by: Roberto “Boy” Ocampo Jr.

Recent International Derby Champions, Breeders and Cocker of the Year awards have been attained by people who had put their faith in the capabilities of a local strain, the “LEMONS”. For almost 40 years now, this magnificent bloodline has preserved it’s tradition of winning in the highest levels of competition. Stories about it have been repeatedly told, both verbally and in print, but for the sake of those who are unfamiliar with it’s beginnings, I will again do so.



Mainly responsible for the popularity of those “lemon-hackled” gamecocks of Duke Hulsey here in the country was the father-son tandem of Don Amado Araneta and son Jorge (Nene).

Fighting under the name “THUNDERBIRDS”, the Araneta’s in partnership with Duke Hulsey dominated the competition in Manila’s cockpits from 1963-1967. During the same period mentioned, several “mains” were held at the Araneta Coliseum in Cubao, Q. C.. These events were billed “U.S. vs. Philippines”. The U. S. team was composed by the Aranetas and Duke Hulsey while the “Philippines” was represented by the cream of Phil. cockfighting some of whom were: Mssrs. Peping Cojuangco, Johnny Veloso, Mayo Lacson, Eddie Araneta and Esting Teopaco.

In all of the said encounters, the U. S. team prevailed. They fought uniformed looking cocks which typically were red. straight comb and yellow legged. Duke called them his “Lemon Hackles”. He claims they were a blend of HATCH-CLARET-BUTCHER blood that he had proportionally set and established as a family.


While the “Lemon Hackles” rooster was famous internationally, the “Lemon 84” strain is only true in the Philippines. It was originated by Mr. Paeng Araneta. Based on his personal account, which I read in a book about Philippine cockers and breeders, this is his story.

Mr. Rafael Araneta’s first visit to the Amicizia Farm of Duke Hulsey in Tangipahoa, Louisiana was i 1967. It was there that he came upon an “unusual lemon”. It was a peacomb. He had it shipped to Manila. As friends kept asking him what he called the rooster, he noticed the leg band number and coined the name “LEMON 84”. He states the pedigree of this strain as follows:

  • He bred the Lemon 84 cock (peacomb) to two Lemon hens which he had also bred from a battle-scarred winner he had acquired earlier.
  • He got some pullets which he bred back to 84′ cock (father-daughter mating) and from the clutch picked two specimens which he bred to each other (brother-sister mating).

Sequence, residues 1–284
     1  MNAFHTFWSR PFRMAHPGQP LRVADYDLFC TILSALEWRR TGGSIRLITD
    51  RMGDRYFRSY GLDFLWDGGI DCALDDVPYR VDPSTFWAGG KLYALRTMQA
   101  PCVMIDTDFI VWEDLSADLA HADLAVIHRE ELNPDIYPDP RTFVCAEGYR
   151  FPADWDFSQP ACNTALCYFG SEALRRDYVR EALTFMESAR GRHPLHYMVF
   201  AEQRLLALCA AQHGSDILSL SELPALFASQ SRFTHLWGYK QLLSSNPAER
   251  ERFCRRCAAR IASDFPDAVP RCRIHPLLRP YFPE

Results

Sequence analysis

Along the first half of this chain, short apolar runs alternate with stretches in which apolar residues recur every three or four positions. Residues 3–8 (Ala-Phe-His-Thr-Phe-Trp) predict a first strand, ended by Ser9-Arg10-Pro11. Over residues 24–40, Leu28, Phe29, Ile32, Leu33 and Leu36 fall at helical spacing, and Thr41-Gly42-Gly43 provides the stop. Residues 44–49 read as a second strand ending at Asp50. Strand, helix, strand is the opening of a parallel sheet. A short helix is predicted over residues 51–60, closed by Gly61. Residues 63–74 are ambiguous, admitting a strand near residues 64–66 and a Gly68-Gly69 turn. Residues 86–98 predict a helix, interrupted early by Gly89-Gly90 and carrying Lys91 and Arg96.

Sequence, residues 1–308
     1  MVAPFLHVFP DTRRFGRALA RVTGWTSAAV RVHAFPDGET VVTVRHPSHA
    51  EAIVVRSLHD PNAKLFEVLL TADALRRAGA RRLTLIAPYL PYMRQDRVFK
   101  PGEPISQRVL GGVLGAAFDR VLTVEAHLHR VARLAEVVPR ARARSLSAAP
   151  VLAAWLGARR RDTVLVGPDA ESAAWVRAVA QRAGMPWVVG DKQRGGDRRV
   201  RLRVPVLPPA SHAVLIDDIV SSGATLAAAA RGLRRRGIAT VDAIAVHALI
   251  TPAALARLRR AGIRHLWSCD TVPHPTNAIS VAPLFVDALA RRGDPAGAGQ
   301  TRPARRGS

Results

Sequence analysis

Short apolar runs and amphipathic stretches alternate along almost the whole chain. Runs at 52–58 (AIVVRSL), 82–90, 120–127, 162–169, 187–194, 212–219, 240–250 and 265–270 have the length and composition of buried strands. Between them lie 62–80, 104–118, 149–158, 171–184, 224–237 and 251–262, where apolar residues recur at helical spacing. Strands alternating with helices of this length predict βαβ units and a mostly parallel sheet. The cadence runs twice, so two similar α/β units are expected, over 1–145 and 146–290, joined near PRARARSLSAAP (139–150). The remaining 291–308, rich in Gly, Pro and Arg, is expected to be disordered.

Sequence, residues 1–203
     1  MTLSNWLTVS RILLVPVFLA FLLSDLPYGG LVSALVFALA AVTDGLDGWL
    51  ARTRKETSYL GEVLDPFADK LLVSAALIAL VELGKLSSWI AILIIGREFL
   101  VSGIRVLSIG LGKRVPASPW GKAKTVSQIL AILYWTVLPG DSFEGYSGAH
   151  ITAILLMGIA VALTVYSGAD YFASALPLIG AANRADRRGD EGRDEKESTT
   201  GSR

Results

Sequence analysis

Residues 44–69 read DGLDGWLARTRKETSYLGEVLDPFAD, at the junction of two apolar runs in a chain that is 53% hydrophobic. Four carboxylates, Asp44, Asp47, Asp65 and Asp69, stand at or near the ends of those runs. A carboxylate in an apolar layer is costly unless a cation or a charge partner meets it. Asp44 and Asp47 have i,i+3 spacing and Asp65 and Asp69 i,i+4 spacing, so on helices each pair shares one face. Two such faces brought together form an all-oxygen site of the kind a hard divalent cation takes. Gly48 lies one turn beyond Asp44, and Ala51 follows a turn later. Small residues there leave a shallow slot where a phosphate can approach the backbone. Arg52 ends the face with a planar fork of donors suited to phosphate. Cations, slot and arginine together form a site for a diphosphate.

• Again, he choose 2 of the most vigorous pullets and bred back to the 84′ cock.
  • This time a pair of pullets showed up with green-legs.

From all the breeding of the “Lemons”, Mr. Araneta was able to establish two families; One, typical “Lemon” with yellow legs. The other, looking more like peacomb, green legged Hatches which were dark red. In 1970 and 1971, the “Lemon 84’s” were entered in the Internatinal Derby. They finished with runner-up honors in both occasions. However, the crowning glory of the Lemon 84 came in 1972, when they claimed the title in the International. Though they shared the honor with 2 other champion entris, it was nonetheless a monumental feat for it marked the first time in Philippine cockfighting history that a team of island-bred roosters were successfully pitted against an all imported line-up of opponents.


Stories about the “Lemons” vary depending on whose hands they’re with. One should remember that this strain has been in the country for almost 40 years now. Recently, I was told the story of another family of Lemons by Mr. Boy Palileo. Boy, who is 58 years old now, used to condition the shows of his late uncle Manolo Lovina. Manolo bred what he called his “MASSA or SUNSHINE LEMONS”. This line of Lemons came from Mr. Emmanuel Massa, who in turn was a partner of Duke Hulsey. Boy believes that Mr. Massa is still alive and a member of the board of directors of the U.G.B.A.. Basically, Mr. Massa bred two families of fowl, with stocks either full brother or full sisters of the Dukes’ personal brood fowl. His yards composed of: “Lemons” which were basically: 1/2 Butcher (MARSH) 1/4 Blueface 1/4 Kelso and the “Cecils” which were basically 1/2 Bumblefoot (Grey line) 1/4 McLean 1/4 Kelso. This particular family came 99% peacomb and though the Bumblefoot was a family of greys no grey rooster ever came out of Manolo’s breeding.